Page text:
For background information, please see below.
Farhad Nouri told Human Rights Watch that Intelligence Ministry agents initially arrested his mother, Farzaneh Nouri, in September 2011 to pressure her to reveal her son’s whereabouts. He said his mother spent approximately three weeks in solitary confinement in an Intelligence Ministry detention facility and was eventually released on bail, then charged and prosecuted. Nouri said his mother had absolutely nothing to do with the Majzooban-e Noor website and had been targeted to pressure him to turn himself in. “Her only crime is that she’s my mother,” he said.
Farhad Nouri escaped Iran on September 11, 2011, and is seeking asylum in neighboring Turkey.
Maryam Shirini, Eslami’s wife, said the seven defendants lodged a formal complaint against Judge Salavati for various procedural irregularities and rights violations since their arrest. In the letter, the defendants referred to “being subjected to physical beatings and insults during arrest and interrogation,” preventing the defendants and their lawyers from reviewing the case files, preventing the defendants from meeting with their lawyers, “detention in solitary confinement cells and security wards for nearly four months,” and “use of blindfolds and handcuffs during interrogation,” among other due process violations.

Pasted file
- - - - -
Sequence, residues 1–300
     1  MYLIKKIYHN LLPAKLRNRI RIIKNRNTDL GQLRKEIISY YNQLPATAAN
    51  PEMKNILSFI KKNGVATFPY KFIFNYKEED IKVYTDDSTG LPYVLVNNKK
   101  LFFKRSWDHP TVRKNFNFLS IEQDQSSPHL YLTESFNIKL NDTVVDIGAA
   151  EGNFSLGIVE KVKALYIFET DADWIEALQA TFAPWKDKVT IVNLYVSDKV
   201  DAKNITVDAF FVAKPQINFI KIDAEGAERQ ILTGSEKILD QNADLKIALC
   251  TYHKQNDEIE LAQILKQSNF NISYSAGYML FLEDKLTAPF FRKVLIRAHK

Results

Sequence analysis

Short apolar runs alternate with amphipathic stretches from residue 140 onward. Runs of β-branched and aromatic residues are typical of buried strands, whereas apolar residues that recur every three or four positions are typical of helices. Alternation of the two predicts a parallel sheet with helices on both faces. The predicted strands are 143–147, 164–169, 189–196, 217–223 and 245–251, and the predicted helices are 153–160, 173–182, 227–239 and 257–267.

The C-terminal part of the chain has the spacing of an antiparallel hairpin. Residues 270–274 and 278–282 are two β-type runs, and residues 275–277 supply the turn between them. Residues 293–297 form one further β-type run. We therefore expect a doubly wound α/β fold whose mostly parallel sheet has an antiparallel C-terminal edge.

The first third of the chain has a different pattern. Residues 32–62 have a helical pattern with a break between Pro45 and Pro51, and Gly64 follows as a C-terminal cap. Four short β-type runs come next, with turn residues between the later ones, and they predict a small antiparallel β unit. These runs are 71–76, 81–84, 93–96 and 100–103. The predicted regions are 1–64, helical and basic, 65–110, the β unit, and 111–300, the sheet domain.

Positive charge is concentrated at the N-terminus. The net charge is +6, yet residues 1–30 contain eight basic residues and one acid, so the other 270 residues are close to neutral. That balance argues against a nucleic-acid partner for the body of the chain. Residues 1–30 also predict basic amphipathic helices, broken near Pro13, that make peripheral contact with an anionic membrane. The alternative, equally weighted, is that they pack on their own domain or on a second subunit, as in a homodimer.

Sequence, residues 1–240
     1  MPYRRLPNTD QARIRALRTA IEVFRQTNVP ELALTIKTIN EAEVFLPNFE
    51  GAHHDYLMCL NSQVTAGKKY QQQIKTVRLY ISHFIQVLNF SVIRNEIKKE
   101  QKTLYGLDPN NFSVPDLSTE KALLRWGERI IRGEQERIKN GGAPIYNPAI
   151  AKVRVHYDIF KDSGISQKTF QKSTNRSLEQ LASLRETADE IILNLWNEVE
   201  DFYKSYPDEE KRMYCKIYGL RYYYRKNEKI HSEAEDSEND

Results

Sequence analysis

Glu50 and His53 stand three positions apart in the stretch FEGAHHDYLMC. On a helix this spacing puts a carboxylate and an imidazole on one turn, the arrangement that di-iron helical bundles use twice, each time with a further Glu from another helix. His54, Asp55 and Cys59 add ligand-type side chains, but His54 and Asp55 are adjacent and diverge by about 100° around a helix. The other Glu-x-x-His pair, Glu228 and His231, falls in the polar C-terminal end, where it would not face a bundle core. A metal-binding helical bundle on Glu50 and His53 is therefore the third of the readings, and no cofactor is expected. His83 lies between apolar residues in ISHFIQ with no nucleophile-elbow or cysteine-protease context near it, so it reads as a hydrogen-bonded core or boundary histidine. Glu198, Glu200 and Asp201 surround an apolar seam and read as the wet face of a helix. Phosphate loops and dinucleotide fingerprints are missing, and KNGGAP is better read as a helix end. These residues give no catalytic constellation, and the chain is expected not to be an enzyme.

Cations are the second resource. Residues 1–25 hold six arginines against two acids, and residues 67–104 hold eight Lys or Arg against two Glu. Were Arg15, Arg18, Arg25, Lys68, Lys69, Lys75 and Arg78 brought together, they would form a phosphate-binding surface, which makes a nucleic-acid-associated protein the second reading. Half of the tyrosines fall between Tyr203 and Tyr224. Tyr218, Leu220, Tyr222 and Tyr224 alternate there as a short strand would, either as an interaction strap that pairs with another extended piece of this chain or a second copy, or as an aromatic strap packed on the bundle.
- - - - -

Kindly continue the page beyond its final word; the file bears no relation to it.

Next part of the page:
The family members said they believe that their relatives were prosecuted and convicted because they worked for the Majzooban-e Noor website, providing information on rights violations against members of the Nematollahi Gonabadi order. Jamileh Shahbazian, Entesari’s mother, said that her son, a photojournalist, began working for the Majzooban-e Noor site after authorities fired him from several state media jobs because of his affiliation with the order. She said the authorities “want to not only deprive [Sufis] of the right to freedom of expression but also the right to a fair trial.”
Daneshjoo’s wife told Human Rights Watch that her lawyer husband and his lawyers told her that the authorities have deprived all the defendants of access to their lawyers and the right to review their own case files. She said she feels the authorities convicted her husband of “propaganda against the state” in part because he had given media interviews on behalf of clients who are members of the order. She also said that the charge of “insulting the Supreme Leader” related to an open letter to Ayatollah Ali Khamenei on the website in 2010 in which the authors accused the authorities of targeting members of the order in an “organized fashion,” including destroying their houses of worship, denying them the right to conduct rituals, firing them from government posts, and arbitrarily arresting and detaining them.
Unlike the other six defendants, before his prosecution on charges related to the web site, Daneshjoo had been serving a seven-month prison sentence for “publishing lies” and “disturbing the public mind” in connection with his defense of members of the order. That prison term ended in December 2011. Before he could be released, judicial authorities consolidated his case with that of the other six defendants and transferred him to Evin Prison.